Cheney urges Iraqis to settle differences

Times Staff Writer

U.S. Vice President Dick Cheney made an unannounced visit to Iraq on Wednesday to press government leaders to reconcile their political differences. His arrival occurred on a day when violence in normally placid northern Iraq killed 19 people, injured 70 and demonstrated the uncertain security situation even in sections of the country long considered relatively safe.

Cheney’s visit sparked rowdy protests in the northern Baghdad district of Kadhimiya by 1,000 supporters of militant Shiite Muslim cleric Muqtada Sadr. Some held signs reading, “Kick out the leaders of evil.”

Cheney met with Prime Minister Nouri Maliki and other senior Iraqi government officials in the high-security Green Zone.

Later in the day, an explosion rattled windows in the building where Cheney continued at work. Lea Anne McBride, Cheney’s spokeswoman, said the vice president’s “business was not disrupted. He was not moved.”


At a brief news appearance after Cheney and Maliki met, the Iraqi prime minister termed the session “positive and serious.”

Cheney said his message was that Iraqi leaders must focus “not only on the security issues but also on the political issues that are pending.”

“I do sense today a -- I think a greater awareness on the part of the Iraqi officials I talked to of the importance of their working together to resolve these issues in a timely fashion,” the vice president said.

Iraq’s parliament, however, met Wednesday without taking up any of the so-called benchmarks that the United States is counting on to unify this country’s fractious religious and political groups, including an oil law designed to boost production and share profits among Iraq’s different regions.


The vice president, who also met with the top U.S. commander in Iraq, Army Gen. David H. Petraeus, visited Baghdad as part of a larger trip to the Middle East. Cheney is expected to travel to the United Arab Emirates, Saudi Arabia, Egypt and Jordan. The Iraq stop was not announced until Cheney had departed from Washington.

The deadly bombing Wednesday in Irbil was the largest in the northern Iraqi Kurdish region, which has largely avoided the country’s civil war. The explosion targeted the Interior Ministry, which oversees Iraq’s police, and could be a sign that insurgents are taking their operations into new areas after being under fire by the ongoing American troop buildup in Baghdad and in Al Anbar and Diyala provinces.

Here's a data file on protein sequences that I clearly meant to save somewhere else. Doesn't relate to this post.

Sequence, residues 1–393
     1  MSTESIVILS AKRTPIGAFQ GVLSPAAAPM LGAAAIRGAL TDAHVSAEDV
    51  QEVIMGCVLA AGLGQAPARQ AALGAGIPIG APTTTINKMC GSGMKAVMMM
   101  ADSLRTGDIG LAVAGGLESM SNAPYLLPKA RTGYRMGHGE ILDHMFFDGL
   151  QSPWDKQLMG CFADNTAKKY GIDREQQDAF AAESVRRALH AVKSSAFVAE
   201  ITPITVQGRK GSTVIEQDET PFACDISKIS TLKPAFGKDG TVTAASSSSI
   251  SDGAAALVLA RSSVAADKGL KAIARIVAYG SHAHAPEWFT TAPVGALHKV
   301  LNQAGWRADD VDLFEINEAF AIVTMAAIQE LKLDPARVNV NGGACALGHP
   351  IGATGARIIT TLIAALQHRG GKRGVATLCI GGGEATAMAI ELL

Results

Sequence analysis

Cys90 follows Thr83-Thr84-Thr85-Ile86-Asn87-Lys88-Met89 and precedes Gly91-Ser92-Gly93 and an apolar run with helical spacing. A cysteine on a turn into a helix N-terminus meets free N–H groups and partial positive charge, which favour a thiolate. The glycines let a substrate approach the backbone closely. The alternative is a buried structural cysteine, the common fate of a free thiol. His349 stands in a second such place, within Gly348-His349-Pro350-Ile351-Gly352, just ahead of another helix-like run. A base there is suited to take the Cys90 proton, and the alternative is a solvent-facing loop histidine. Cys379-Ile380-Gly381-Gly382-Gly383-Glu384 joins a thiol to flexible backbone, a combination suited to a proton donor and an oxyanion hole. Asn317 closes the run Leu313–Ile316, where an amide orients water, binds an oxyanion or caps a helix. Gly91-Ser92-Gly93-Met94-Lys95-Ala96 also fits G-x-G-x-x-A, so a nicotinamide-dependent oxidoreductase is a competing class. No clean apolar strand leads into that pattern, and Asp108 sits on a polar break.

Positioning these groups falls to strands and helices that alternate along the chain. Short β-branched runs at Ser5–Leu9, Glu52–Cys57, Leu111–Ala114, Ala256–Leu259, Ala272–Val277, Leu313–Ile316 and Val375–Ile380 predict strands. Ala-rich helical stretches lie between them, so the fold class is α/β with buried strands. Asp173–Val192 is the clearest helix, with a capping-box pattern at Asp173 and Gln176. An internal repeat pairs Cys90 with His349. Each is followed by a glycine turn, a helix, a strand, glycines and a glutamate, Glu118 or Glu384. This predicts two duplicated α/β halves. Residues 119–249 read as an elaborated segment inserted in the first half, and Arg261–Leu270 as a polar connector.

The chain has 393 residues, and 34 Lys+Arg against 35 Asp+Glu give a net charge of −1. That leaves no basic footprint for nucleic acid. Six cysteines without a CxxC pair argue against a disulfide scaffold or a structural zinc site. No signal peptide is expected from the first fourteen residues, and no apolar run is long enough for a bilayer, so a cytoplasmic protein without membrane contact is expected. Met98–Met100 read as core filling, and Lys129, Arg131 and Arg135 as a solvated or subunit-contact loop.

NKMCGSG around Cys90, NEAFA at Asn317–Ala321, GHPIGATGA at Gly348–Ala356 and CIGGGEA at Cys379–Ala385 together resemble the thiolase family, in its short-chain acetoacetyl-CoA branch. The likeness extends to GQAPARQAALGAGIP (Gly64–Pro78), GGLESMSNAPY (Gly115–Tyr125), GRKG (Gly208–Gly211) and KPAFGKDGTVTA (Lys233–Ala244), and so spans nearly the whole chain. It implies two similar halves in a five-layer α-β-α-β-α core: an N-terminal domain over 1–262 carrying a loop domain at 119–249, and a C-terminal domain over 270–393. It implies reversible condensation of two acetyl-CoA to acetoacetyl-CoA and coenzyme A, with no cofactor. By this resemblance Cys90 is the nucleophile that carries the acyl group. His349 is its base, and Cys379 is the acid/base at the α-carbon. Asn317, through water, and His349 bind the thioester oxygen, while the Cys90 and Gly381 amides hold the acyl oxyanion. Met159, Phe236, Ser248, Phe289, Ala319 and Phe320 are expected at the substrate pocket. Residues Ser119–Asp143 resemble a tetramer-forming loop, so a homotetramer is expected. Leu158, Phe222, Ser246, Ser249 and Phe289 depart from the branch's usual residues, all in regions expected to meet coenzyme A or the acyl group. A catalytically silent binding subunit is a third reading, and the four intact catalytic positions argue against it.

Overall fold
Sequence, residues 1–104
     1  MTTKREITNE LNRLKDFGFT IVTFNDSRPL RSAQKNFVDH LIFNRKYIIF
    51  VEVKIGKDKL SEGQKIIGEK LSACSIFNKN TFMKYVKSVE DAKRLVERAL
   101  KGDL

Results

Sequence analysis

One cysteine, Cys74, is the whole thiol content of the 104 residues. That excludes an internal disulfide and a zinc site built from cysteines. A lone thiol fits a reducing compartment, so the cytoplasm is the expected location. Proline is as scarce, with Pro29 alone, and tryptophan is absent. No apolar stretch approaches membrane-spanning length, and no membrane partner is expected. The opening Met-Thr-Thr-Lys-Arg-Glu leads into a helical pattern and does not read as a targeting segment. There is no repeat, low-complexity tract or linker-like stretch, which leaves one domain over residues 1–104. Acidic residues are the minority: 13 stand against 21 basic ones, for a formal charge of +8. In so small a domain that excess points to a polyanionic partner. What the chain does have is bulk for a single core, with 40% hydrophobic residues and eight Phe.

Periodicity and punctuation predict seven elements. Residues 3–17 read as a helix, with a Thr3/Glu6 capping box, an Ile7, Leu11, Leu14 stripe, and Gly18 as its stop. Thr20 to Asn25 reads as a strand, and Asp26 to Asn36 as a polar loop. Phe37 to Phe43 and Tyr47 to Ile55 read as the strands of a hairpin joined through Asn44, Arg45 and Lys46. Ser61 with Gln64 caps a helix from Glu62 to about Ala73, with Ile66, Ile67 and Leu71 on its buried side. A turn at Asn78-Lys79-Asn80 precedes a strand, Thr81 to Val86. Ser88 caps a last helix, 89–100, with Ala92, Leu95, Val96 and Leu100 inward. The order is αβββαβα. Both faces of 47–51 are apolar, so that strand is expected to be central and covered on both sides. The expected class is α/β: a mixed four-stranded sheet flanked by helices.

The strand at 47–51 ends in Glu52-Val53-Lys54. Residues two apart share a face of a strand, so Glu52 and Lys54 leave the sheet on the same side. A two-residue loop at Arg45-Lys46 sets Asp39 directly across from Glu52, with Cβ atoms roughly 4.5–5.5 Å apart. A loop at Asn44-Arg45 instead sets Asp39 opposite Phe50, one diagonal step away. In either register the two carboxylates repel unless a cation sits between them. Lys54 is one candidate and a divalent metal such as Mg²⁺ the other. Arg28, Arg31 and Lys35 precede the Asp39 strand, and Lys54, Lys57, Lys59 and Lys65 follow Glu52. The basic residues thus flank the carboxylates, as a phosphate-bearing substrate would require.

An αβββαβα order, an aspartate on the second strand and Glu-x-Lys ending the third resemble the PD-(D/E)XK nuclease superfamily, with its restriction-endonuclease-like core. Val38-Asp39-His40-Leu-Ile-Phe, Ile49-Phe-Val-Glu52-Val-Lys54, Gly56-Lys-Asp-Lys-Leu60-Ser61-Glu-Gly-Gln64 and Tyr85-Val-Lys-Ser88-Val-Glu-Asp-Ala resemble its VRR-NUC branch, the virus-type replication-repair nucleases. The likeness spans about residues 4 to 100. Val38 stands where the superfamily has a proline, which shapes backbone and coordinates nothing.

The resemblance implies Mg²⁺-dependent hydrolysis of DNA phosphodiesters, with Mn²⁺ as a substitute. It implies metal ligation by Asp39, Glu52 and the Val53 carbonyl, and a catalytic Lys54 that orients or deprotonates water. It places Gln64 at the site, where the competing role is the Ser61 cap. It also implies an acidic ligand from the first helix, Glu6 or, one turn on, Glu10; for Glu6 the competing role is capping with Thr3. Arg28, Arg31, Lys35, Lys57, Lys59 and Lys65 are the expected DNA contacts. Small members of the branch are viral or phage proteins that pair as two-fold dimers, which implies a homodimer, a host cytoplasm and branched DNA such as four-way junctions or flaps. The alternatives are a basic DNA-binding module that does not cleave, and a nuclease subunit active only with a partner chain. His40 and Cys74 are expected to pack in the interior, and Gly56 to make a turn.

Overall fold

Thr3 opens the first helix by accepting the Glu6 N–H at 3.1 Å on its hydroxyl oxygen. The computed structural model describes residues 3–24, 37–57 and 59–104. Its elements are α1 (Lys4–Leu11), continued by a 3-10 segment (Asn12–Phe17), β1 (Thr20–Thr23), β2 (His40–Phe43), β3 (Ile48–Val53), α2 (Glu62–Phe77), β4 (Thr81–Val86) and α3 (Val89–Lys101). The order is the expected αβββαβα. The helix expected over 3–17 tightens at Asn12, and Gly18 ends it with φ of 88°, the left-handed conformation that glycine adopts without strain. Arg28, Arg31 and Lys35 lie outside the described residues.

Conflict between Kurdish Iraqis and Sunni Arab insurgents has sharpened as the result of grudges developing since the deployment of several thousand Kurdish peshmerga troops in Baghdad as part of the security plan.

In the capital city, mortar rounds, gunshots and roadside bombs claimed at least 33 lives.

Gunmen in Latifiya, a Sunni town about 20 miles south of Baghdad, opened fire on a bus arriving from the southern city of Diwaniya. Ten passengers were killed and seven injured.

In the Sunni neighborhood of Adhamiya in northeastern Baghdad, a laborer died while working on a controversial barrier designed to partition the neighborhood. He was killed when gunmen opened fire on workers erecting what the U.S. and Iraqi military have portrayed as a temporary security barrier to prevent Adhamiya’s Sunni population from clashing with Shiites in surrounding neighborhoods.

Last week, a senior U.S. Army officer was wounded by gunfire as he surveyed progress on the barrier. Local residents have denounced the structure as inhumane and say it will cage them in their neighborhood.

Also Wednesday, a car bomb exploded a few hundred feet from an Iraqi army checkpoint on a busy northern Baghdad street, killing one person and damaging nearby shops and cars.


Shiite death squads were blamed for 21 unidentified bodies found dumped on Baghdad streets, all of them riddled with bullets. Army Maj. Gen. William B. Caldwell IV, a military spokesman, acknowledged that the number of such killings has risen in recent days even as U.S. and Iraqi security forces increase their numbers in the city’s neighborhoods. But he said the increase was “slight” and that the security plan is a work in progress.

Also Wednesday, the U.S. military announced the death of a soldier the day before in Diyala province, a Sunni insurgent stronghold east of Baghdad. According to, 3,381 U.S. troops have died in the Iraq theater since the 2003 American-led invasion.

Two Iraqis were killed in Musayyib, about 35 miles south of Baghdad, when a bomb exploded in front of a shop. Two more Iraqis died when mortar rounds crashed into a neighborhood in Haswa, 30 miles south of the capital.


Special correspondent Abdulsalam Madani in Irbil and special correspondents in Baghdad contributed to this report.